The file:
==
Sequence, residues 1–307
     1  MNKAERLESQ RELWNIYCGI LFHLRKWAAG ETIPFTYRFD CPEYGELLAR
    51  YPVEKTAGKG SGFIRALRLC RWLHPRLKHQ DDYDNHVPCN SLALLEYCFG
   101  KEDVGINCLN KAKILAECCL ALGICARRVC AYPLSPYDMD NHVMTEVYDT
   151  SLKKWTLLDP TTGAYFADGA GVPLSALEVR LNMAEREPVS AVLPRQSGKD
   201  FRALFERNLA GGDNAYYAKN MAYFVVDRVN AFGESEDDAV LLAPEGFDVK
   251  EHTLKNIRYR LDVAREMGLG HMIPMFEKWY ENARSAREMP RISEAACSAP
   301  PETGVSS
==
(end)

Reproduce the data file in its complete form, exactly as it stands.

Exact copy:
Sequence, residues 1–307
     1  MNKAERLESQ RELWNIYCGI LFHLRKWAAG ETIPFTYRFD CPEYGELLAR
    51  YPVEKTAGKG SGFIRALRLC RWLHPRLKHQ DDYDNHVPCN SLALLEYCFG
   101  KEDVGINCLN KAKILAECCL ALGICARRVC AYPLSPYDMD NHVMTEVYDT
   151  SLKKWTLLDP TTGAYFADGA GVPLSALEVR LNMAEREPVS AVLPRQSGKD
   201  FRALFERNLA GGDNAYYAKN MAYFVVDRVN AFGESEDDAV LLAPEGFDVK
   251  EHTLKNIRYR LDVAREMGLG HMIPMFEKWY ENARSAREMP RISEAACSAP
   301  PETGVSS